Lely Hibiscus 745 CD Vario rake review
Farm Trader reviews the new Lely Hibiscus 745 CD Vario rake.
The new Lely Hibiscus 745 CD Vario in question spends most of its time rowing up hay and silage in front of a Lely Welger 435 round baler, but is also used in front of a loader wagon, a conventional and a medium square baler so its hydraulically adjustable width saves on down time and can make a row to suit whatever machine is following.
The first thing that struck me was just how compact this machine is compared to earlier models of rakes. The length of the main beam has been kept as short as possible, which along with a transport width of only 2.5 metres makes the machine impressively manoeuvrable. The rotor arms are the second noticeable difference and have been completely redesigned as a single piece heavy-duty arm that telescopes out hydraulically for the widest raking width.
Up the front of the main beam a hefty inverted U-shaped headstock mounts to the lower link arms of the tractor with plenty of clearance for the PTO shaft, a seriously heavy-duty greasable pin joins the headstock to the main beam, a steering rod runs the length of the main beam to the rear wheels that insures the rake tracks in line with the tractor when turning corners. A single stand directly under the main beam makes un-hitching safe and straightforward.
I’m probably stating the obvious when I say the rotors are the most important part of any rake, and Lely uses the same robust modular rotor head on all its rakes that features an adjustable closed cam track that is greased with special purpose grease in the factory for life to lower the ongoing maintenance requirements.
A huge positive in my opinion is that the rotor head on each side mounts to the underside of the rotor arm with a cross shaped double pivot point which allows movement in all directions which gives 3D ground following. A carriage under each rotor uses four wheels, two at the rear spaced as wide as possible and two as close to the front as possible which help support the weight when working but also help the rotor to follow the contours of the ground to ensure clean raking in undulating conditions.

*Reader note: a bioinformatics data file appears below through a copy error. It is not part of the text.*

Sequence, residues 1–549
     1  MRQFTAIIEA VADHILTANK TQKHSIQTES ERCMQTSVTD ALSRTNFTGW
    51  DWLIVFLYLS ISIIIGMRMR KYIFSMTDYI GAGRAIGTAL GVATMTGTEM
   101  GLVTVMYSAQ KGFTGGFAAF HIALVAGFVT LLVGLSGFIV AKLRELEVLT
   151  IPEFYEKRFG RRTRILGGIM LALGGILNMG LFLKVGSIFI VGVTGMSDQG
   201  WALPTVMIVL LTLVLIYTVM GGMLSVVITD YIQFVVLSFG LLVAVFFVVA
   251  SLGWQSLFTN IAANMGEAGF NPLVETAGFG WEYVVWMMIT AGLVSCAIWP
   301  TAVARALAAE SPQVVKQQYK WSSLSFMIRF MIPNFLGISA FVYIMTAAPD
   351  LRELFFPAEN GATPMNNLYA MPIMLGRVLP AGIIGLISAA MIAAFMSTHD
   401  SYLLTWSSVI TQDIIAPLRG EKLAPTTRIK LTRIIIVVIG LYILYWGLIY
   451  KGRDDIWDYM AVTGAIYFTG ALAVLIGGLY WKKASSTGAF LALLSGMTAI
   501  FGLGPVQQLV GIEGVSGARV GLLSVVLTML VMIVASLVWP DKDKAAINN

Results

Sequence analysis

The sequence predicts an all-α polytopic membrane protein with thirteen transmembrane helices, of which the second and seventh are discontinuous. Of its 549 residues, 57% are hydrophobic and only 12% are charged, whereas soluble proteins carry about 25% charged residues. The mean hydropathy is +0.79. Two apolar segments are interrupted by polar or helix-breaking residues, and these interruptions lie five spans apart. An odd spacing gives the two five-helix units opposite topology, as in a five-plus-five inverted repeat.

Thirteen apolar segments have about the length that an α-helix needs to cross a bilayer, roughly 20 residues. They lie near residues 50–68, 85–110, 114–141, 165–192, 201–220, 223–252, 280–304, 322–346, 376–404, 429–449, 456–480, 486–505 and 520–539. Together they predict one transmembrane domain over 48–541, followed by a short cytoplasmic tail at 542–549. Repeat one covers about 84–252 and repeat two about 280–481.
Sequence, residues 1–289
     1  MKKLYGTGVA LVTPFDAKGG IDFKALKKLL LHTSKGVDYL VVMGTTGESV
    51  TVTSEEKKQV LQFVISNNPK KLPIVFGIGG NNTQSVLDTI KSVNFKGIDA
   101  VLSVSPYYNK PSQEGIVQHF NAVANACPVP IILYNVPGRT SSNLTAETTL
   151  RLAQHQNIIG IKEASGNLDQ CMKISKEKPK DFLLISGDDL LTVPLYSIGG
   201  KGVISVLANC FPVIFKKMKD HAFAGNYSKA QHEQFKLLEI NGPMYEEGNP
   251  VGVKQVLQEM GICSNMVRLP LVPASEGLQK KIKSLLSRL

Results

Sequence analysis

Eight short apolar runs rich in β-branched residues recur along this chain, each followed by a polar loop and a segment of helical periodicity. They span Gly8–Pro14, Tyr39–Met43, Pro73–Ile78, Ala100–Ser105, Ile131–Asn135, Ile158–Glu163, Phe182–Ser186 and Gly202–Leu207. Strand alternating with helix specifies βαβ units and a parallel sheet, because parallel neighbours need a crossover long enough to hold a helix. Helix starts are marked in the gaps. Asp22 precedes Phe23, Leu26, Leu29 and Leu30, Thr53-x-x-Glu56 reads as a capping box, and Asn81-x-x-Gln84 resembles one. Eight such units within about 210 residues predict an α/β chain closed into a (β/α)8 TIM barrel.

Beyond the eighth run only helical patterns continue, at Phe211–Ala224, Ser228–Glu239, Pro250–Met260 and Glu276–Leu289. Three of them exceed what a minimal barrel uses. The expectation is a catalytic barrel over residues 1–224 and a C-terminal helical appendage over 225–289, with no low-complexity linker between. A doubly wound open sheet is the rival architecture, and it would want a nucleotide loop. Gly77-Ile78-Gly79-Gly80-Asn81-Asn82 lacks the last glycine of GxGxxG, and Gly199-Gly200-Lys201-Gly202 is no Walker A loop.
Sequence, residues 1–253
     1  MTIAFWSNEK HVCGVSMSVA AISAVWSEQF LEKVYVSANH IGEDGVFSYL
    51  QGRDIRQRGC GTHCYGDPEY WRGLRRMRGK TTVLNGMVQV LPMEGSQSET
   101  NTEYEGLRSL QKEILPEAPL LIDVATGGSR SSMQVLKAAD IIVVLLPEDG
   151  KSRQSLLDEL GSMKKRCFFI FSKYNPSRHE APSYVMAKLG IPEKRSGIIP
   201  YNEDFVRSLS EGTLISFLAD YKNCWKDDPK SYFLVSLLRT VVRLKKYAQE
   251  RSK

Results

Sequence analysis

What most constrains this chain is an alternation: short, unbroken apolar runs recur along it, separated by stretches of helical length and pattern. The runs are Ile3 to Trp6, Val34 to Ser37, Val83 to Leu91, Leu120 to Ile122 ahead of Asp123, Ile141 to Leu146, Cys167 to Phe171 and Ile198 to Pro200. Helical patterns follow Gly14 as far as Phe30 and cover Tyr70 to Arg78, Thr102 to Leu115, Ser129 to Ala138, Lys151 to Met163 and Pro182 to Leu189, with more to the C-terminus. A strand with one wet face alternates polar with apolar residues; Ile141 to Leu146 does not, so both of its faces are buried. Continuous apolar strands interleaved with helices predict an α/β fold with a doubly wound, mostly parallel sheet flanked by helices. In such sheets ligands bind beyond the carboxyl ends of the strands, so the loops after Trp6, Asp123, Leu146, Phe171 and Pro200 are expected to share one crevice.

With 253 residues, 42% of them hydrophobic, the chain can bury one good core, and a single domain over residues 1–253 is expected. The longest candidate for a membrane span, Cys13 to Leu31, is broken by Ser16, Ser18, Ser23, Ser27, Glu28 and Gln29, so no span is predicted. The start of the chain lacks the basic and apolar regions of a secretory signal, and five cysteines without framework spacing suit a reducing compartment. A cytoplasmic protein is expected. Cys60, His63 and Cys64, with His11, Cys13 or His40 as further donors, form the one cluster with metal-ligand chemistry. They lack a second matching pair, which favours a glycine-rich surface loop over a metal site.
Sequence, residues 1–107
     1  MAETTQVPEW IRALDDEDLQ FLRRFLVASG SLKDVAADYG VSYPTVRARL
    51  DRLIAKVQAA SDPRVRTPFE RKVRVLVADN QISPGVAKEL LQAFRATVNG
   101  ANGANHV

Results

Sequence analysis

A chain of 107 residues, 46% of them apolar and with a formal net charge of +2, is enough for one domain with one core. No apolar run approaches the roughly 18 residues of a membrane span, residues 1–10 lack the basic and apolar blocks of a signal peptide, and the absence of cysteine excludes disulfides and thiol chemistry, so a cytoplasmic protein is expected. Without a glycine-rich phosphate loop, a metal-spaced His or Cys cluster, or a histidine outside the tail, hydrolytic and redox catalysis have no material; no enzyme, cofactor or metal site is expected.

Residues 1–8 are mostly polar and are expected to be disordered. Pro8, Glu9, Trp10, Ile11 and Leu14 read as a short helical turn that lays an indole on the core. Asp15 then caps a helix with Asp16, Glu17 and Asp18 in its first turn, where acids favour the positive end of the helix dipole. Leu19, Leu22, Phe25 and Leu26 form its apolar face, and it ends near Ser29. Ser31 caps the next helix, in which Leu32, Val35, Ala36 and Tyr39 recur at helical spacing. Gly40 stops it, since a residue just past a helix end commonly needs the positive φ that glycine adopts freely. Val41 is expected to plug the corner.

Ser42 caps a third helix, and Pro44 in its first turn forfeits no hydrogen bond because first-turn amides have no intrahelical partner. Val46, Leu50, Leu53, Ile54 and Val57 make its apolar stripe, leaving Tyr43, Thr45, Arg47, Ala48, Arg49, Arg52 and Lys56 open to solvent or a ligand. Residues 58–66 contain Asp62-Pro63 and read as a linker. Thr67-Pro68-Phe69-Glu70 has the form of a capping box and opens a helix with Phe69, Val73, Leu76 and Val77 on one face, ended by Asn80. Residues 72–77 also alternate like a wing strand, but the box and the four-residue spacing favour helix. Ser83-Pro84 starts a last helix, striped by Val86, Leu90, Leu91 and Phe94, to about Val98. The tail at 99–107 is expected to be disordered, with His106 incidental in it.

The 3.8-metre transport height is achieved largely due to the rotors telescoping in when the machine is folded, without the need to remove any tine arms and for that reason tine arms are constructed of a single piece of tube steel that joins to the cam lever and is bolted into the rotor arm housing. While this does away with pins and sloppy connections which have obvious benefits, it does make removing a tine arm a little tougher if one gets bent for example.
Each rotor has 11 of these tine arms that extend from the rotor head out and as with all Lely rakes this model features ro-tine which has a curved shape to it. This when combined with a mounting position on the tine arm means the tip of the tine slightly trails behind the rotor arm causing the tine to pick up material and move rather than dragging it across the ground, therefore reducing soil contamination.